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Inflation picks up while dollar drops

Published May 2, 2006

WASHINGTON - The national economy carried its strong momentum into the second quarter as factories cranked up activity, builders boosted construction spending to a record high and consumers opened their pocketbooks ever wider.

But inflation picked up, too.

The information was contained in three economic reports Monday.

"Households and corporations are still very active and are creating economic momentum, which is tremendously encouraging news for the economy," said Carl Tannenbaum, chief economist at LaSalle Bank. "The only dark cloud comes from the news on prices, which are going up."

A report from the Institute for Supply Management showed manufacturing activity grew briskly in April. The group's manufacturing index jumped to 57.3 in April from 55.2 in March, the strongest showing in six months.

The report also showed prices are rising not only for energy but also for other commodities, such as aluminum and copper.

"The indicators of prices ... are beginning to point more clearly toward inflation pressures," said Stephen Stanley, chief economist at RBS Greenwich Capital.

Moreover, the sinking value of the U.S. dollar, which fell to a seven-month low against the Japanese yen, also raises some inflation concerns. A weaker dollar can increase the price of imported goods flowing into the United States.

That, in turn, can give U.S. companies more leeway to boost their own prices.

On Wall Street, stocks finished lower. The Dow Jones industrials lost 23.85 points.

In a second report, the Commerce Department said total construction spending in March climbed to $1.199-trillion on an annualized basis, surpassing the previous record high set in February. That marked a 0.9 percent increase.

Private builders ramped up spending on a variety of projects in March, including residential construction and factories.

The government also spent more on big public works projects, including power plants.

"The construction engine was firing on all cylinders," said Ken Simonson, chief economist of the Associated General Contractors of America.

In another report from the department, consumer spending rose 0.6 percent in March, an improvement from February's 0.2 percent increase. Consumer spending plays a key role in shaping overall economic activity.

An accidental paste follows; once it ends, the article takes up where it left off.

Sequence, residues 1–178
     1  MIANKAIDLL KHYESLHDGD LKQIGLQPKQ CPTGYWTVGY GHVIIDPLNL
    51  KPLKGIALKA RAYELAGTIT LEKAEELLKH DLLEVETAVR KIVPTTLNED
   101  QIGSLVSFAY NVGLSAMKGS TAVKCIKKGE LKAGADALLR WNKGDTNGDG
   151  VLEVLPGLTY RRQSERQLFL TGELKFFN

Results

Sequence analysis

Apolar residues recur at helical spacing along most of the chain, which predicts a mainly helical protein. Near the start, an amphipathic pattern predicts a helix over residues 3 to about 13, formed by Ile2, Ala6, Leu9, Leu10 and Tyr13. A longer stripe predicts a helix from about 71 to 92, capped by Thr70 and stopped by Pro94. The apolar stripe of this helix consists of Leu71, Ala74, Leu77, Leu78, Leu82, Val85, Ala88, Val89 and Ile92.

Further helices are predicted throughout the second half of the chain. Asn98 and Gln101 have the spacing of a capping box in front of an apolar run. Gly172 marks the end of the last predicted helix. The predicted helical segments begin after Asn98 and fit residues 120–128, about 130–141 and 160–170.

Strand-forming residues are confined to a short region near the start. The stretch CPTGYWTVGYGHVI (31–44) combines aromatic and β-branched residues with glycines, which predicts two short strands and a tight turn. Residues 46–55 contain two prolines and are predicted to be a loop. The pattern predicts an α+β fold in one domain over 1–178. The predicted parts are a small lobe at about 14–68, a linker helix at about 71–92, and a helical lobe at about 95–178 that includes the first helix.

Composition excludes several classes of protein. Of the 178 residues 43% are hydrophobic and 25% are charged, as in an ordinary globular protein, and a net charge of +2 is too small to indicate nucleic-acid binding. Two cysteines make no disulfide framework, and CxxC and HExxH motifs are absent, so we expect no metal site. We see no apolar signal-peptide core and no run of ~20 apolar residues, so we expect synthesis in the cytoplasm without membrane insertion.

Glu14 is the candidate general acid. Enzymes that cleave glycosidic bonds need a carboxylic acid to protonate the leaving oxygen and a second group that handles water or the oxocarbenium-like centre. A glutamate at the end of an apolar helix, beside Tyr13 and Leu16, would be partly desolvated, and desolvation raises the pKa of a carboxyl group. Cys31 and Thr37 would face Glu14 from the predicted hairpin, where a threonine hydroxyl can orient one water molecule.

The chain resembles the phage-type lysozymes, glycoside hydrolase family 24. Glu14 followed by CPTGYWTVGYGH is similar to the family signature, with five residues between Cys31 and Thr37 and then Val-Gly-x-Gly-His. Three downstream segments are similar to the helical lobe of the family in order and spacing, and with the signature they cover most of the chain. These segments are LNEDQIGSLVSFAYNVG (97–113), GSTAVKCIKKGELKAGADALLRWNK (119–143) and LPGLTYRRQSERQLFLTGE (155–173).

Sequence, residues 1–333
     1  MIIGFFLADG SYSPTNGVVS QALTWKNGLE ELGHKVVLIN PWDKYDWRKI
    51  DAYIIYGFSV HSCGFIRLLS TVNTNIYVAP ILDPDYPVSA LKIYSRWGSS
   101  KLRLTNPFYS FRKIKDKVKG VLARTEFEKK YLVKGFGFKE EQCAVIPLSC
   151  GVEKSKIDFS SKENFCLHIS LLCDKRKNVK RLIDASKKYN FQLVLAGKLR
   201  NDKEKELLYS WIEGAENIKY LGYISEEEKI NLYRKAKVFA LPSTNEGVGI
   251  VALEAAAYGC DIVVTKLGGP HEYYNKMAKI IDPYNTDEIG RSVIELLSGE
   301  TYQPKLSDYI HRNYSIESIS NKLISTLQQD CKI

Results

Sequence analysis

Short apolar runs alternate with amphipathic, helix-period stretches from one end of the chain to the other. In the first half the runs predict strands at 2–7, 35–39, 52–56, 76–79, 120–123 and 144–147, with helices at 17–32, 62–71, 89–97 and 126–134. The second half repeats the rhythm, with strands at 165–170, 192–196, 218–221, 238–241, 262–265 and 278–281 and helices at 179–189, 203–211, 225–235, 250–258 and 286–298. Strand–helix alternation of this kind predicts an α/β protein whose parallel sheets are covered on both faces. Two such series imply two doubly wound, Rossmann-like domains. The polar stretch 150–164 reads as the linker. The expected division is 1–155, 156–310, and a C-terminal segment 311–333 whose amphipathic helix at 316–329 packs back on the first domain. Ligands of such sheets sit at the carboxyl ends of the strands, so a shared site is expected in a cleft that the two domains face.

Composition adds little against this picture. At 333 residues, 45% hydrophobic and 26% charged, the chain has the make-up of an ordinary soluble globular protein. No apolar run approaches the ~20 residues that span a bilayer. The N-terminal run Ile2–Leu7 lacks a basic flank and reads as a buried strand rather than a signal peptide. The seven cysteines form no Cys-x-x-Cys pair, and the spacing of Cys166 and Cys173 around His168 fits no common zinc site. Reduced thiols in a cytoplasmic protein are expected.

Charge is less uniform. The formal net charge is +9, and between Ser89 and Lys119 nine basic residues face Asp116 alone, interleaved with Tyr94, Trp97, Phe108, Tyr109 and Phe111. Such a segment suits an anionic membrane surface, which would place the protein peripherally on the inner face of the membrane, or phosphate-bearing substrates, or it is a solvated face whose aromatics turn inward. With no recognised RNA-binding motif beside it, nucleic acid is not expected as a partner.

Incomes, the fuel for future spending, advanced 0.8 percent in March. That was up from a 0.3 percent increase in February and was the largest gain since September.

Income includes government payments as well as wages. Payments from the new Medicare prescription drug plan had the effect of helping to boost overall income in March. Wages, meanwhile, grew by a moderate 0.4 percent for the second month in a row.

The spending and income figures are not adjusted for inflation.

When adjusted for inflation, consumer spending looked more subdued, rising by 0.2 percent in both February and March.

An inflation gauge tied to the consumer report revealed inflation accelerated.

The measure showed that prices - excluding energy and food - went up 0.3 percent in March, compared with a tiny 0.1 percent increase in February. Over the past 12 months, these "core" prices rose by 2 percent - considered the upper bound of the Fed's comfort zone for inflation.

The inflation reading didn't include the big runup in oil prices seen two weeks ago. At that time, oil prices topped $75 a barrel, a record high. Prices have retreated a bit since then.

To fend off inflation, the Fed is expected to boost a key interest rate to 5 percent at its May 10 meeting.

Thus far, the economy is motoring ahead despite rising interest rates and energy prices.

All three economic reports released Monday showed stronger economic activity than analysts were forecasting. That along with the inflation pickup "are issues the Fed will have to deal with," Tannenbaum said.

[Last modified May 2, 2006, 06:41:06]

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